How do I bathe my baby before the umbilical stump
One of the first questions parents have about bathing their baby is, “How often do I need to do it?” And, at most, a newborn needs to be bathed just a couple of times a week with the exception of times when they have excessive spit-up or blow-outs and they need an urgent bath. The areas that get the dirtiest on a baby are their face, and the skin-folds (especially those under their neck), and also their diaper area. And really, you should be cleaning and assessing these on a regular basis throughout the day, and if you’re doing this, then they don’t need frequent baths.
Plan on sponge-bathing your baby for the first 1 to 2 weeks of life until the umbilical cord has fallen off. And then after that, you can get the baby’s torso wet and bathe them in a sink or in the bathtub. The bath is going to require some prep work before you start. First, go turn the thermostat in your house up to about 74 to 75 degrees to keep your baby warm during the bath. Choose a location close to running water, if possible, so you can rinse your baby’s head with ease. You can set up your bathing station on a counter, on furniture, or on the floor, but no matter what, never leave your baby unattended, and make sure you’re holding them the whole time.
Next, gather all necessary supplies. 2 to 3 towels are helpful (and if possible, heat them with a dryer), 2 washcloths, a bin of warm water that has been tested by you to make sure that it’s not too hot, and remember that a baby’s skin is more sensitive than ours, so if it’s too hot for you, it’s definitely too hot for your baby. You can also grab some shampoo and soap (which can be added to the basin of warm water if desired, although it’s not necessary), a scrubber or a soft-bristled comb, a new diaper, wipes, lotion if desired, and fresh, clean clothing.
Support your baby’s neck and head throughout the bath, using your non-dominant hand to support your baby and your dominant hand to clean, or just employ the help of your partner – one to hold and one to clean. I actually recommend the two of you doing it together for the first few times until you get used to doing it on your own. Wrap your baby in a clean, warm towel and keep her fully covered throughout the bath, only exposing areas that your washing and being mindful to cover them up as soon as you’re done.
Start with your baby’s face. Dip the clean washcloth into the warm water and cleanse the eyes from the inside corner outward. Change the location on the washcloth before wiping the second eye. Be mindful of neck folds where milk might drip and get caught. Now take one arm out and clean the armpit and down to the fingers. Dip the washcloth as much as is needed to keep it warm so that your baby stays warm. Dry and cover the first arm up and do the same thing to the second arm. Next, move onto the trunk. Use this as an opportunity to examine your baby’s skin. Look for irregularities or rashes that you may not have noticed before. Note them and talk with your pediatrician if you see or have any questions.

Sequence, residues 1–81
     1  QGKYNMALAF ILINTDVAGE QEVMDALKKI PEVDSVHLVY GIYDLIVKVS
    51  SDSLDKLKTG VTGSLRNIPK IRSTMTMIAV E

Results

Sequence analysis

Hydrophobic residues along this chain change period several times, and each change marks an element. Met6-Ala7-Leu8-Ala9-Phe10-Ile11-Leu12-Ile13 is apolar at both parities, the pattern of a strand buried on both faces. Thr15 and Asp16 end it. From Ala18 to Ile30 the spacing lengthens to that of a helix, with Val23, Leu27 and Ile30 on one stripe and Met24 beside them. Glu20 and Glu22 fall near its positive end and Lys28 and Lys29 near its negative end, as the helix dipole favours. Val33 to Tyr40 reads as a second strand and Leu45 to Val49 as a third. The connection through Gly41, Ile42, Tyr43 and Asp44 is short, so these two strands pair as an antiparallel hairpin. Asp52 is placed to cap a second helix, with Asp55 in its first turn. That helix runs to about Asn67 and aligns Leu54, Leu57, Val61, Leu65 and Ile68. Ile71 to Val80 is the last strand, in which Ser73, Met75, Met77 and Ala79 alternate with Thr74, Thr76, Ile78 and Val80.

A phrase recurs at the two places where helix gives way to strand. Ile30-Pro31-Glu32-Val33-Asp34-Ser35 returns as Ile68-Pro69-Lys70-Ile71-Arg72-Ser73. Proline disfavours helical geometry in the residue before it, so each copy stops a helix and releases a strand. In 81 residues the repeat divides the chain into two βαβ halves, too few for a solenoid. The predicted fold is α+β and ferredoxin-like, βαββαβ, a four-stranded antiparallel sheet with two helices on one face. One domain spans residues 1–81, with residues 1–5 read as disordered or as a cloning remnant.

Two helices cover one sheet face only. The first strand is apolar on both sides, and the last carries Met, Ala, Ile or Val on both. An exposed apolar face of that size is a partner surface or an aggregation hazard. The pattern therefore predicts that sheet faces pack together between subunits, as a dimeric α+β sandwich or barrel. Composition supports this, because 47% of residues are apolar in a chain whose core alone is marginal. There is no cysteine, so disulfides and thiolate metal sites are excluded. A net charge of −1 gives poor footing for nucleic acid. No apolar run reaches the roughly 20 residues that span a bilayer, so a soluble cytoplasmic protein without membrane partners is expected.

Wash your baby’s chest and carefully wash around the umbilical cord, being careful to leave it dry throughout the entire bath. Now turn your baby over and gently wipe her back. The legs are next. Take one leg out and clean it, being especially vigilant about cleaning in those cute little leg-folds , especially behind the knees. Cover the first leg and proceed with the second. The diaper area is last since it’s the dirtiest part of your baby. You might find it helpful to loosely wring the washcloth over the water basin and squeeze it over your baby’s diaper area from front to back, then wipe as necessary to ensure it is clean.
Put your baby in a second warm, clean towel and make sure your baby is warmed and dried thoroughly. Apply lotion if desired, and also put a diaper on so that everything remains clean while you wash your baby’s hair. If your baby has enough hair that it actually warrants washing, put a small amount of baby shampoo on your hands and rub it into your baby’s scalp. Use gentle circular motions, and you can even use a soft-bristled brush if desired. Use this opportunity to also clean behind your baby’s ears. Rinse by slightly tilting your baby’s head back and running warm tap water (that you’ve already tested first) over your baby’s head. This is usually the part of the bath that babies like the most.
Keep in mind that these tips and suggestions are just for bathing a baby during the first couple weeks of life until the umbilical cord stump has fallen off. If you would like to see tips and suggestions about how to bathe the baby after that, check out the link below. https://www.youtube.com/watch?v=EcJN0c8fnlw . And if you have more questions in the future for me, feel free to ask them on our Facebook page at http://www.facebook.com/IntermountainMoms, and recommend us to your friends and family too.
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